The Diamond of Drury Lane (Cat Royal, #1)

ISBN: 1405221496
ISBN 13: 9781405221498
By: Julia Golding

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Genres

Adventure Favorites Fiction Historical Historical Fiction Mystery Series To Read Ya Young Adult

About this book

Set in 1790's Covent Garden this title whisks you back to a bygone era. It is the tale of Cat Royal, an orphan who lives at the back of the real-life theatre in Drury Lane.

Reader's Thoughts

Kirsten

Young Cat Royal has lived in the Royal Theatre ever since she was found abandoned on its doorstep, and acts as the theatre's "Jill of all trades" and mascot, although she has ambitions to become a writer of fiction and plays. When Cat accidentally discovers (well, she WAS evesdropping...) that the theatre's owner, Mr. Sheridan, is hiding a treasure somewhere in the theatre, she knows she must guard the secret closely. But of course, she can't resist conducting her own search for the treasure, and dangerously, she also can't resist spilling the beans to her new friend Pedro (a young violin virtuoso and freed slave). This sets off a chain of escapades and hairsbreadth escapes, during which Cat proves to be clever, resourceful, and loyal, not to mention plucky, although perhaps not as good at putting two and two together as the reader might hope.I did enjoy this; the 1790 setting is carefully evoked, and the inclusion of plot-essential historical information is only occasionally heavy-handed. Cat's a fun character, and this book will appeal to young mystery lovers as well as those who enjoy period pieces. The reader will more than likely figure out the truth about the "diamond" long before Cat does, which is a bit annoying and causes the book to stretch out longer than it maybe needs to: it clocks in at a hefty 424 pages, which is a somewhat daunting size for the intended audience, regardless of the Harry Potter phenomenon. This is the first book in a projected quartet, and I'm curious to see how Golding chooses to develop the character further.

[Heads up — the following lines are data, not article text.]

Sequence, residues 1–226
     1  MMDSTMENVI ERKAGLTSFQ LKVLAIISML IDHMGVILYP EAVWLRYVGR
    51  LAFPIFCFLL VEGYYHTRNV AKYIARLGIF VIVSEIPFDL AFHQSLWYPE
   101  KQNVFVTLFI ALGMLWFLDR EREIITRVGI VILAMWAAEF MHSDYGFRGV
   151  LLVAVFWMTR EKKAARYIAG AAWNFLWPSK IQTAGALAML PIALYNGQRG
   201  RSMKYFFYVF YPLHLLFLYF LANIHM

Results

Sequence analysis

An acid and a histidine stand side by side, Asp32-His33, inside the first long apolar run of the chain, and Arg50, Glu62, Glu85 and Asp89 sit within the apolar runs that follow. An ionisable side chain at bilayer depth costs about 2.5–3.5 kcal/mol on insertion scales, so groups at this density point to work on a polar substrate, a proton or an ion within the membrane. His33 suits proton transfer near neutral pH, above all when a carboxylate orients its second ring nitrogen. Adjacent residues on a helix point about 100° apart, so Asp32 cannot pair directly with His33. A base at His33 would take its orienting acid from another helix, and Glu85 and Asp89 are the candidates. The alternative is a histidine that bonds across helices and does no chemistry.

Luna

The Diamond of Drury Lane follows Cat, a young girl growing up in the 1790s. Cat is fortunate as she tells us, she was left on the step of Drury Lane Theater as a baby and Mr Sheridan took her in. While she has no idea of her heritage she has a home and fascinating one at that.Unlike many of her peers Cat can read and write, taught to her by the previous prompt at Drury Lane. She is also street smart and knows how to handle herself when left on her own.The story starts with a riot at the theater because of a really bad play. That night Cat overhears Mr Sheridan talk about the Diamond of Drury Lane. When she’s discovered hiding behind a curtain Mr Sheridan tasks her with protecting the diamond.This book is beautifully written, exciting and full of interesting historical information and characters. It’s also very funny, Cat’s narration is excellent and vivid. Despite the adventure Julia Golding has not ignored the darker side to Cat’s world which I think is great.An excellent introduction to such a special girl, I’m really looking forward to reading Cat’s next adventure.

Caitlin

This lovely little book has the right balance of adventure, age appropriate realistic themes, and straight up fun to keep it's readers pleased. I'm looking forward to seeing what the rest of the series has to offer.

Emma Christina

I have read the first few pages of tgis book a couple if times and each down put it down, this time I perservered and was glad I did. The first few chapters were enough to keep me reading but not overly excited but as this tale unravelled I felt myself drawn closer. In the end I loved it, interesting but not overly complex, great character development and excitment in sackfuls. Just a shame the first few chapters can deceived into thinking it rather dull.

Pam

Oh, my! This book (& series) is amazing! I'm obsessed.When Catherine Royal (Cat) was a baby, she was left on the steps of the Royal Theatre in London. The theatre people adopted her, giving her a roof over her head and letting them be part of their lives. But Cat also has a tendency to attract trouble. When she overhears the theatre owner talking about the diamond he's hidden in the theatre, he enlists her help to keep his secret hidden. She doesn't know where the diamond is or what it looks like, but she sees everything that happens around her home and she does her best to keep people from snooping. But as word leaks out about the treasure, thieves become more bold and Cat's life may become shorter than she expected.

Allyana Ziolko